World Malaria Day
Since 2000, malaria-affected countries and their development partners have made remarkable progress in reducing the total number of malaria cases and deaths. But the toll of malaria remains unacceptably high. Every two minutes, a child dies of this preventable and treatable disease. And each year, more than 200 million new cases of the disease are reported.
Country ownership key to success
Urgent action is needed, and ownership of the challenge lies in the hands of countries most affected by malaria. On World Malaria Day 2019, the World Health Organization (WHO) joins the RBM Partnership to End Malaria, the African Union Commission and other partner organizations in promoting “Zero malaria starts with me,” a grassroots campaign that aims to keep malaria high on the political agenda, mobilize additional resources, and empower communities to take ownership of malaria prevention and care.
The “Zero malaria” campaign – first launched in Senegal in 2014 – was officially endorsed at the African Union Summit by all African Heads of State in July 2018. It engages all members of society: political leaders who control government policy decisions and budgets; private sector companies that will benefit from a malaria-free workforce; and communities affected by malaria, whose buy-in and ownership of malaria control interventions is critical to success.
As the WHO Director General has noted, individual and community empowerment through grassroots initiatives like the “Zero malaria” campaign can play a critical role in driving progress in the global malaria fight.
Getting back on track
WHO and the RBM Partnership recently catalyzed “High burden to high impact”, a new approach to get the malaria fight back on track, particularly in countries that carry the highest burden of disease. The approach is founded on 4 pillars:
Political will to reduce malaria deaths
Strategic information to drive impact
Better guidance, policies and strategies
A coordinated national malaria response
Pillar 1 calls on leaders of malaria-affected countries to translate their stated political commitments into resources and tangible actions that will save more lives. To this end, campaigns that engage communities and country leaders – like “Zero malaria starts with me” – can foster an environment of accountability and action.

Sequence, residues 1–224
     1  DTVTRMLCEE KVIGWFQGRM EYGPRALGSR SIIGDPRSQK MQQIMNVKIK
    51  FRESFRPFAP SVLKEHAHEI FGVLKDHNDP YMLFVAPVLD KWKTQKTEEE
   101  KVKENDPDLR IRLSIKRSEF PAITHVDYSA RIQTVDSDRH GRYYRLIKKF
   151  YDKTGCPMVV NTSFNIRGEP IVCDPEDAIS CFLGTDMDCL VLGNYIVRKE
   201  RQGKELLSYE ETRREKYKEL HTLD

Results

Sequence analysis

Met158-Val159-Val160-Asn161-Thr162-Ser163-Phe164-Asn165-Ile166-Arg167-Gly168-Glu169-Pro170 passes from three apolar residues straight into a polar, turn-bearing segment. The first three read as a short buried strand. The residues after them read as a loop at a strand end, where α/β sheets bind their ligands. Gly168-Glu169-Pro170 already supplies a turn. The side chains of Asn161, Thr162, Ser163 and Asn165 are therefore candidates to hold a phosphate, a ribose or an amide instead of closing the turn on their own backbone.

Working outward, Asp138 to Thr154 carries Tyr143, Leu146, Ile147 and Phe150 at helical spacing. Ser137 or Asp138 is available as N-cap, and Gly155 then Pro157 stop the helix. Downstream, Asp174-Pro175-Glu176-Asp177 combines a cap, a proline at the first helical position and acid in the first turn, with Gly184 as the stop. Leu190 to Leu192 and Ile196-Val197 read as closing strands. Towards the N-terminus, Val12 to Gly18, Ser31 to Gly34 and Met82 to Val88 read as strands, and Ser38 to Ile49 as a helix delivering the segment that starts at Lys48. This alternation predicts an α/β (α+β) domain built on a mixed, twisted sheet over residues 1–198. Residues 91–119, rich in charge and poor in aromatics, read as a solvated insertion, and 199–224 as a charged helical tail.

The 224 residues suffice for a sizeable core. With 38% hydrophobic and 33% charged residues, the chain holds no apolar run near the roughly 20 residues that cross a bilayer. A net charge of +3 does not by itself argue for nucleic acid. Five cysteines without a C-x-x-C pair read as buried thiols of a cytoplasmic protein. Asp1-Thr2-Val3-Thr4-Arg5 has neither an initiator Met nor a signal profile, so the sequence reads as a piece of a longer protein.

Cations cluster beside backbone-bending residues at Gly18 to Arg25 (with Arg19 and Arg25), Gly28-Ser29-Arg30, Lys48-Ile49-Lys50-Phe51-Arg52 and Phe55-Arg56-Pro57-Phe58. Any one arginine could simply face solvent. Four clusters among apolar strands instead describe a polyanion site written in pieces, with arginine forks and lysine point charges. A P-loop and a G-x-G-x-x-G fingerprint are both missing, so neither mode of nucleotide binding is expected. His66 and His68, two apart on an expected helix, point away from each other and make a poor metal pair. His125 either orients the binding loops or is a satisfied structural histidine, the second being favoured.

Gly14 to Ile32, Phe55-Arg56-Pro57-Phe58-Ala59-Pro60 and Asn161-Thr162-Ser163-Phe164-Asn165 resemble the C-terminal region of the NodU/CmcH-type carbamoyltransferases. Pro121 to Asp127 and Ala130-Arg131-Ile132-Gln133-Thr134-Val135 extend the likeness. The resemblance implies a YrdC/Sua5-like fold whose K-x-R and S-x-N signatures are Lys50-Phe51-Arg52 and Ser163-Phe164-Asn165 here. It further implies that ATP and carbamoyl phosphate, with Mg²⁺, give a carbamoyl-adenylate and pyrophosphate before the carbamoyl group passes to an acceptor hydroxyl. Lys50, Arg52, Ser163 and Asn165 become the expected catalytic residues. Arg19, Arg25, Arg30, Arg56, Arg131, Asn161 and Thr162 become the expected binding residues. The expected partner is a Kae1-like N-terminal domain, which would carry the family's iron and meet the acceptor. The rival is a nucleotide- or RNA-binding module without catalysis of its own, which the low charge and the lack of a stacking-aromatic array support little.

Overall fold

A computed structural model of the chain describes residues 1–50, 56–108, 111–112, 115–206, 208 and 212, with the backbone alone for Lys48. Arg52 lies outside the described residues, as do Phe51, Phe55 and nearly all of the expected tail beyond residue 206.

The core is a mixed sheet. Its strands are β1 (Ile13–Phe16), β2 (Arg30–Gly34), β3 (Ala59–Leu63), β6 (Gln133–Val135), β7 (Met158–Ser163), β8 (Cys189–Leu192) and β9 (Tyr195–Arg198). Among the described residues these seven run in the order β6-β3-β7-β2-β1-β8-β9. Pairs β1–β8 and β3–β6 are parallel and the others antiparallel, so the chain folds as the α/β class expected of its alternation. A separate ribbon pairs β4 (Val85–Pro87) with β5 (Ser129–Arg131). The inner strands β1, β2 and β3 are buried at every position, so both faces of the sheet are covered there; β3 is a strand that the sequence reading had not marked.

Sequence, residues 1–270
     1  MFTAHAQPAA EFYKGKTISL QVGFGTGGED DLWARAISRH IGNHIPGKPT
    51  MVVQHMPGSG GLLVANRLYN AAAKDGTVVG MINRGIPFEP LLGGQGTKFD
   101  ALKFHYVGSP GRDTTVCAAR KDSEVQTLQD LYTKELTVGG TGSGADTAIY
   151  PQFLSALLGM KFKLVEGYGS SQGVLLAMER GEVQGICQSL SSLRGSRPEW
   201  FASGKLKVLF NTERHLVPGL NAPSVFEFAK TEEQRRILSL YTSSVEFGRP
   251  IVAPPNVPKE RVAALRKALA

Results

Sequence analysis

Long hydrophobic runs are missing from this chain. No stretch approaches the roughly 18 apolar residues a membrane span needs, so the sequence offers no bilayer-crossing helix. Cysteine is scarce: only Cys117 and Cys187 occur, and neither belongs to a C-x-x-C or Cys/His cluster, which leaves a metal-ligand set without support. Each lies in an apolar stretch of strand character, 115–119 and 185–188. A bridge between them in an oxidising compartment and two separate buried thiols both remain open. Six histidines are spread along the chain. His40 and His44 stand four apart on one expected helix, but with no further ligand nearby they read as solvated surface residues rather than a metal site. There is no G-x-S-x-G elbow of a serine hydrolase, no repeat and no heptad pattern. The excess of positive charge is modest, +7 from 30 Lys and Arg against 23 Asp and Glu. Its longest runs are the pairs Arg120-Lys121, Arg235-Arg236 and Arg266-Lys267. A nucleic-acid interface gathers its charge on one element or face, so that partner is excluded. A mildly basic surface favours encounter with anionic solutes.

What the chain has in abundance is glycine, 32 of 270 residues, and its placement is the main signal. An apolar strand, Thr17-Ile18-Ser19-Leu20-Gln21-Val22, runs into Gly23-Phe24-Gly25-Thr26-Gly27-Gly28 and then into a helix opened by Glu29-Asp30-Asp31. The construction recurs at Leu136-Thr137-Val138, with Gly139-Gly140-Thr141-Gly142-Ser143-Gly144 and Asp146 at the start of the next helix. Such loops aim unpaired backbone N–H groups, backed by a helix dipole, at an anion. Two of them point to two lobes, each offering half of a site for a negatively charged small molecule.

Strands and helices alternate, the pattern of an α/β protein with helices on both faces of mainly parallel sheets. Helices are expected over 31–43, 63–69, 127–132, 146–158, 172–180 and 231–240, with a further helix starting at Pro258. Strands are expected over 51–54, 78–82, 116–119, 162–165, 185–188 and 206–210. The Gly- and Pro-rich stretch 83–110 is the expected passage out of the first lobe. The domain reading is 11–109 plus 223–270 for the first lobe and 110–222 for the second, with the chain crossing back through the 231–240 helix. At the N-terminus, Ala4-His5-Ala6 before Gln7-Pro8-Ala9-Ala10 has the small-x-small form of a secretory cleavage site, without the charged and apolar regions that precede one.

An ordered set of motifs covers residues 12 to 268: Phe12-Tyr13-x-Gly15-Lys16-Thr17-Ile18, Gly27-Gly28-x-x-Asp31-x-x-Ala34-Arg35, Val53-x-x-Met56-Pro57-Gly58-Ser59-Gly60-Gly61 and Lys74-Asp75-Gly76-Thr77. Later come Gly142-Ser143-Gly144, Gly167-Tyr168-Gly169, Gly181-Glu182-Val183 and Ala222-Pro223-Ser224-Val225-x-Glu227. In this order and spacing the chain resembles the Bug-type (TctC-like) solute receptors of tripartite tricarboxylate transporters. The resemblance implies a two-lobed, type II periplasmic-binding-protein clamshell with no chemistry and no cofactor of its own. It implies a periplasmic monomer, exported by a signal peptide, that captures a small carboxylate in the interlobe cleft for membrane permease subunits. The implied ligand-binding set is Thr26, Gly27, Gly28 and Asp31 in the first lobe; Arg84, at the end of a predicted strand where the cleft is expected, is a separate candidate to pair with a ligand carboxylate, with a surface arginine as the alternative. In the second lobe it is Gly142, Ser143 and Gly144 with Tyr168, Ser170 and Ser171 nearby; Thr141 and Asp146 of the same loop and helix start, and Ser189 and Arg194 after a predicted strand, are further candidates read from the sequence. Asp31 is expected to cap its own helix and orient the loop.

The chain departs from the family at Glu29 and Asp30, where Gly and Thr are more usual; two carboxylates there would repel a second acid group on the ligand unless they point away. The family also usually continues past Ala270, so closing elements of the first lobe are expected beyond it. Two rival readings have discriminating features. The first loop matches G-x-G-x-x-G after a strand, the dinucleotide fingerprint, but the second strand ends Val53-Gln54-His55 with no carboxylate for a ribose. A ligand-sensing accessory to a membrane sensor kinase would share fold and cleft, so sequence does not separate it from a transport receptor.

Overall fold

Signs of hope
While progress in the global response to malaria has levelled off, a subset of countries with a low burden of malaria is moving quickly towards elimination. In 2017:
46 countries reported fewer than 10 000 indigenous malaria cases, up from 37 countries in 201026 countries reported fewer than 100 malaria cases, up from 15 countries in 2010.
China and El Salvador reported zero indigenous cases of malaria in 2017 – a first for both countries.
Countries that achieve at least 3 consecutive years of zero indigenous cases can apply for an official WHO certification of malaria elimination. In 2018, two countries reached this milestone: Paraguay and Uzbekistan.
Some countries with a high burden of malaria are also making strong strides in reducing their burden of the disease.
India – a country that represents 4% of the global malaria burden – registered a 24% reduction in cases in 2017 compared to 2016.
Other countries that noted considerable declines in cases in 2017 include Ethiopia (-8.9%), Pakistan (-20.5%) and Rwanda (-6.6%).
Prospects for new interventions
Boosting investments in the development and deployment of a new generation of malaria tools is key to achieving the 2030 global malaria targets.
For vector control, new interventions that target outdoor-biting mosquitoes are being explored. New chemical formulations to mitigate the threat of insecticide resistance are under development, as are new strategies to improve the delivery of treated nets and indoor spraying.
Source: World Health Organization